Senior International Defense Management Course - Four weeks in length; presented once each year; normally starting the last week of June.

Multiple-Criteria Decision Making Course – Two weeks in length; presented as scheduled.

Budget Preparation, Execution and Accountability Course - Eight days in length; presented as scheduled.

Performance Management and Budgeting- Five days in length; presented as scheduled.

Risk Management - Two weeks in length; presented as scheduled.

Human Capital Resources Management Course - Two weeks in length; presented as scheduled.

Business Case Analysis - One week in length; presented as scheduled.

Mobile Education Courses - Normally one to two weeks in length, for U.S. military services and defense agencies, and for foreign governments upon specific request and approval.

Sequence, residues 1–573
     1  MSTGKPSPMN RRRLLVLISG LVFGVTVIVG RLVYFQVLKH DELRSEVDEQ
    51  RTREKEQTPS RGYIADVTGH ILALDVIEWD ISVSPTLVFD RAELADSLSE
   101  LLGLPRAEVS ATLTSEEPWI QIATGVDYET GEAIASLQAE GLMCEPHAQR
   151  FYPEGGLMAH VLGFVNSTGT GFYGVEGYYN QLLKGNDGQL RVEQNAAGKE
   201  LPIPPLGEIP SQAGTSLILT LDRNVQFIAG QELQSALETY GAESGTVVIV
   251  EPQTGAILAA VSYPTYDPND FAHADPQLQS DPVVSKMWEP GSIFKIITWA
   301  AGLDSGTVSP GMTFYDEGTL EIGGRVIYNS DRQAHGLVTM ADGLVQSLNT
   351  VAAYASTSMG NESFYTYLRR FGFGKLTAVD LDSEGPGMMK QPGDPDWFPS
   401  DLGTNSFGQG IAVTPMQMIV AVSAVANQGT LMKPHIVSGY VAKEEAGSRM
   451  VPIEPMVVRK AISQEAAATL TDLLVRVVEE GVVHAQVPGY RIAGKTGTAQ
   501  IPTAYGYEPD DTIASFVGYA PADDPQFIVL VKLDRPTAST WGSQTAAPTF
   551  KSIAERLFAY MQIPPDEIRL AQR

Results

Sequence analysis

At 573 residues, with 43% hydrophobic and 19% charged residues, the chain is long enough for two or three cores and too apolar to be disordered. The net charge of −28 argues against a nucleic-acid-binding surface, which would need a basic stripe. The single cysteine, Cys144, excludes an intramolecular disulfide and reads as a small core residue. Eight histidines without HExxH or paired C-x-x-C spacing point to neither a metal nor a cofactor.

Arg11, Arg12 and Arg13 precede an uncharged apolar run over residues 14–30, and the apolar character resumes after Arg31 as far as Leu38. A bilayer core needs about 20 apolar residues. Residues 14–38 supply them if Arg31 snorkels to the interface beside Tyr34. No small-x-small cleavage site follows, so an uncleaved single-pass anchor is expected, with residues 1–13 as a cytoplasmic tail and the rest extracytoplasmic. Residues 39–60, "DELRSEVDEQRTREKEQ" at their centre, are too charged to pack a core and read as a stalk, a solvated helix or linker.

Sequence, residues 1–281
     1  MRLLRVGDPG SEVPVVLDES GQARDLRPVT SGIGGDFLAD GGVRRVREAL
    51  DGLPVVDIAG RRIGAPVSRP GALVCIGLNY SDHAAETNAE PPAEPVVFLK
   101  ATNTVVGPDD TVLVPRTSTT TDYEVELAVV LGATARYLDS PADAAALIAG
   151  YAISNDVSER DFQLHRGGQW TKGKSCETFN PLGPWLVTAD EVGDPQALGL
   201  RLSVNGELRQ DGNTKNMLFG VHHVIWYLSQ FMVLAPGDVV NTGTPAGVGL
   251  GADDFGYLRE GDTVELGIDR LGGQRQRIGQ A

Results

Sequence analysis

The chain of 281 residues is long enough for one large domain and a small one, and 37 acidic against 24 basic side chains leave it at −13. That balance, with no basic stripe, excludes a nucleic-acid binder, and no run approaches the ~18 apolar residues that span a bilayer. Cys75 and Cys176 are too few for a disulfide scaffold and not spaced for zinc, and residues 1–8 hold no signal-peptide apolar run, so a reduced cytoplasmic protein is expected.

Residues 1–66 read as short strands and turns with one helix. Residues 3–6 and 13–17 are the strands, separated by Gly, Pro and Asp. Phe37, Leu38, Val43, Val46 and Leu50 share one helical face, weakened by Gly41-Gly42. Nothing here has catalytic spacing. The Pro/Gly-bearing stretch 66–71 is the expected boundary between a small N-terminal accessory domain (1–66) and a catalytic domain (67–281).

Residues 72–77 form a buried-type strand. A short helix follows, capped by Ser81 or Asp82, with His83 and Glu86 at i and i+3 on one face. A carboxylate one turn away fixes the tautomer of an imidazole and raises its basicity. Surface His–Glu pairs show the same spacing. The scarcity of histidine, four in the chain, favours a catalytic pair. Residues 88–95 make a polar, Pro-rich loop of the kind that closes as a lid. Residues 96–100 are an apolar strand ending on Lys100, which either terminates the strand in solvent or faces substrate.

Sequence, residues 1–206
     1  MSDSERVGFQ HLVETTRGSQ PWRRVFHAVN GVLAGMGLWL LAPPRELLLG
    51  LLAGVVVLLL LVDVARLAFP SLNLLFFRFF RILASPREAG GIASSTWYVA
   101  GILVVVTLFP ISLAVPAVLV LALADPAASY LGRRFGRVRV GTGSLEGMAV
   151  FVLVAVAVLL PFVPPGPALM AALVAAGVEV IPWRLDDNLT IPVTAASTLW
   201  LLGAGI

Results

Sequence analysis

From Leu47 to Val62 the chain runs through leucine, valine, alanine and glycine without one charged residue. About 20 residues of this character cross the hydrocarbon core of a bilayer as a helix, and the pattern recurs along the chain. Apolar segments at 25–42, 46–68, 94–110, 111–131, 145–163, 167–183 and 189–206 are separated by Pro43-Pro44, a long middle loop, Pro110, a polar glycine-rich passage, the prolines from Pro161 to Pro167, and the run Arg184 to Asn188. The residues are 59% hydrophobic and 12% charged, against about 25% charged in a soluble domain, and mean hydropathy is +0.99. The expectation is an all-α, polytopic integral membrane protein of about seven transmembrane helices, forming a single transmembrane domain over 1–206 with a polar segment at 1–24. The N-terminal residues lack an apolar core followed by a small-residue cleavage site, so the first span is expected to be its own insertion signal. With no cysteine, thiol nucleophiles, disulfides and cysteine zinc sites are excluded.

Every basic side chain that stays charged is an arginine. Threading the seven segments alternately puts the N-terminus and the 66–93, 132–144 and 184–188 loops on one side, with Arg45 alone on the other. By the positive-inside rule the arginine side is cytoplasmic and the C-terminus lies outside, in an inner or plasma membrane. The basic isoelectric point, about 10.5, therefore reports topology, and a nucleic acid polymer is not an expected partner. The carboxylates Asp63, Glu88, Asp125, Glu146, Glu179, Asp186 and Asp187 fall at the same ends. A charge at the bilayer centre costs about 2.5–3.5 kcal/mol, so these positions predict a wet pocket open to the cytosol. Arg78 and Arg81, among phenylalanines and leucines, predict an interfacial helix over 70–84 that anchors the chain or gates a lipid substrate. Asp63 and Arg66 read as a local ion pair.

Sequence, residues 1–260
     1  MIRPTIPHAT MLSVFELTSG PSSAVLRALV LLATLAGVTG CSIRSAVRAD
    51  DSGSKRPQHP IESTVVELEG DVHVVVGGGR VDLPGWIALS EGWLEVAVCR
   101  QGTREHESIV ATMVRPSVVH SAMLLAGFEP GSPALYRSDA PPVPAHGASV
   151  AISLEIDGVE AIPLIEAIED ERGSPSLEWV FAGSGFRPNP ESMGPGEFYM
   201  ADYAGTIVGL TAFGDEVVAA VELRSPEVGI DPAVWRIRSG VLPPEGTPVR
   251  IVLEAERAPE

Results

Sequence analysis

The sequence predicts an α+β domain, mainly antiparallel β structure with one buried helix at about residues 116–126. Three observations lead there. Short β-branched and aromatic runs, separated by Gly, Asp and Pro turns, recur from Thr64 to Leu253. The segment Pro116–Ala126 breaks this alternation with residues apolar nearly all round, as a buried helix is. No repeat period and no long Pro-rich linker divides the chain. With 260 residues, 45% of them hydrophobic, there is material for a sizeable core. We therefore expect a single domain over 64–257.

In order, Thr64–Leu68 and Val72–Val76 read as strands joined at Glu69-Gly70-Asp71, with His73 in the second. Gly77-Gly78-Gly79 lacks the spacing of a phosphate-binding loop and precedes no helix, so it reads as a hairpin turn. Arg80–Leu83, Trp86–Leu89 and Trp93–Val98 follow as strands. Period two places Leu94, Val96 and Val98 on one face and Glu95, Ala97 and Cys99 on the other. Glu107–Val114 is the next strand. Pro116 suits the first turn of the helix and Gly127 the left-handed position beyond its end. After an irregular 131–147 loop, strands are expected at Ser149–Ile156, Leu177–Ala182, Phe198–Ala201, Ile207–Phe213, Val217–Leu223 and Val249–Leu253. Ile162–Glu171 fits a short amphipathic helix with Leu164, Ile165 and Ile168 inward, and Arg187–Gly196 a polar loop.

Courses for Other Agencies - Programs are from one to two weeks duration, resident or on-site, for non-defense federal governments upon specific request and approval.

DRMI Curricula

DRMI faculty prepare integrated curricula from many disciplines including management, economics and decision analysis. Each course requires course participants to understand and use the basic language and analytic tools that support some aspect of defense resources management.

All courses are E-IMET certified.

Course Descriptions

In-Resident Courses

Human Capital Resources Management Course (HCRM)

Participants:

U.S. and international military officers and civilians.

Military grades of O-3 and above, and defense-related civilians of equivalent rank.